The Road towards Establishment of Permanent International Criminal Court
It is generally agreed that International law is based on the consent of states. In other words, states, and the Intergovernmental organizations are the main units of International law, which thus governs the communication between the states as legitimate actors. However, in rare instances, a natural person may become a subject of International Law. In other words, International Law directs rules that apply to real persons as well. International Criminal Law is a body of law that generates rules that govern certain acts committed by real persons. With the exception of these rules, a real person’s acts are generally governed by national laws.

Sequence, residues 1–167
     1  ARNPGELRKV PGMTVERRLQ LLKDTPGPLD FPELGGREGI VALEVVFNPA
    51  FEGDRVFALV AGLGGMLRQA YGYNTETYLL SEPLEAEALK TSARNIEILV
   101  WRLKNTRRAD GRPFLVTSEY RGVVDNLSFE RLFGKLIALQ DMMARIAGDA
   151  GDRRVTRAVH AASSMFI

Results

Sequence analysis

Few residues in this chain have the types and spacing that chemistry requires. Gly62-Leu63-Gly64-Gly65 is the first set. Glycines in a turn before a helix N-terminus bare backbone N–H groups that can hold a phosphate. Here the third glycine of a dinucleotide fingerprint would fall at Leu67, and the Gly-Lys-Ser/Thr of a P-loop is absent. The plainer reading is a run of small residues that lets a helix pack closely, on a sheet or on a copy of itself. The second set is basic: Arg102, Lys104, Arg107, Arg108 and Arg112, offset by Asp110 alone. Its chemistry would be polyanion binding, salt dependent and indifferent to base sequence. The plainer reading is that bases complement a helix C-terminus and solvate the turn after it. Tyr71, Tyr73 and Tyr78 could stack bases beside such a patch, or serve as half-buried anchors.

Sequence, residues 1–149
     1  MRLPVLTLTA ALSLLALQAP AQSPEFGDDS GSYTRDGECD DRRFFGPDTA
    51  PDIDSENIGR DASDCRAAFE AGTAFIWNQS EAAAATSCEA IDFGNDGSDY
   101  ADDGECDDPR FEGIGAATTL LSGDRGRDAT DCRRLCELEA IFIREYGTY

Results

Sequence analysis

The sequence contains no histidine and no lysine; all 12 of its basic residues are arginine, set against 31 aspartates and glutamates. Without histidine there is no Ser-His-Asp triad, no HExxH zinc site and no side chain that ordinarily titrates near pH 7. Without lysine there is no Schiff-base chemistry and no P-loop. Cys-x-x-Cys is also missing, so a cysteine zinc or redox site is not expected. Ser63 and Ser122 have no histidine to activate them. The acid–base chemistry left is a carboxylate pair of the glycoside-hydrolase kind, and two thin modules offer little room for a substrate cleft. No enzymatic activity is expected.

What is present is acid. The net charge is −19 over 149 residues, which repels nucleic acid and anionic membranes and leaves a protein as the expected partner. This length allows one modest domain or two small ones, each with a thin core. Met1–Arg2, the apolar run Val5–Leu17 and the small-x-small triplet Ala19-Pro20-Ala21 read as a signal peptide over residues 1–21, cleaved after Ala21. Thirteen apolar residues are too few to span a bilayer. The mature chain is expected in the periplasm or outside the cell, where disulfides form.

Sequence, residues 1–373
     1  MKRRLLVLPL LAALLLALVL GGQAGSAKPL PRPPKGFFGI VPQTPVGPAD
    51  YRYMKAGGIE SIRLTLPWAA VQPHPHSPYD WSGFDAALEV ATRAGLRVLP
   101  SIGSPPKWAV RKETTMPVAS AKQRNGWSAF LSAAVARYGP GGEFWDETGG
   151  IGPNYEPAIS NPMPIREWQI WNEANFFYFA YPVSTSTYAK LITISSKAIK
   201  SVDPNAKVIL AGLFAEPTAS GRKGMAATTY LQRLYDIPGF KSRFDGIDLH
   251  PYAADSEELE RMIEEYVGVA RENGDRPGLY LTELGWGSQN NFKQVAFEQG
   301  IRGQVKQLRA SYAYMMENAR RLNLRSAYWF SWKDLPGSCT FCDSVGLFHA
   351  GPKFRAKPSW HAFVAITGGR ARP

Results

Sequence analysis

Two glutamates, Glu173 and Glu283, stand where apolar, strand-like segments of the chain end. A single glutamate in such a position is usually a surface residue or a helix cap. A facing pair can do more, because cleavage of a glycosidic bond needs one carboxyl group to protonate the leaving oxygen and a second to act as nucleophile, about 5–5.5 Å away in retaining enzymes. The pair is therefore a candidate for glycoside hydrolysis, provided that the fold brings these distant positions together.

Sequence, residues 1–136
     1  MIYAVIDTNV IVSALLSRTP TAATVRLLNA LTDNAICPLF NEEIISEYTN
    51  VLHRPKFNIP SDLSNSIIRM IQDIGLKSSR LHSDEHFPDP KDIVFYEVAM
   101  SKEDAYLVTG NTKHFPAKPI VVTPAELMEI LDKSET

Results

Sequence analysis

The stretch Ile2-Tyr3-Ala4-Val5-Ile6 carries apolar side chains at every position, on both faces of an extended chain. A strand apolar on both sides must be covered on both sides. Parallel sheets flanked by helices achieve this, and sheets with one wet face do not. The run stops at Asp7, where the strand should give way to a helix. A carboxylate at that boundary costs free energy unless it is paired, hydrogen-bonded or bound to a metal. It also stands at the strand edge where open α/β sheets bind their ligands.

Initial attempts to create a permanent International Criminal Court (ICC) in the 1990s were made by the International Law Commission (ILC). But, the ILC’s concrete efforts and consecutive proposals were weakened by the UN General Assembly, which rather than calling for a multilateral diplomatic conference, decided to establish an ad hoc committee that would be charged with studying the issue further. This was especially shocking and disappointing for a select group of NGOs that had been following the deliberations concerning creating an ICC. This Research paper discusses the road towards establishment of International Criminal Court.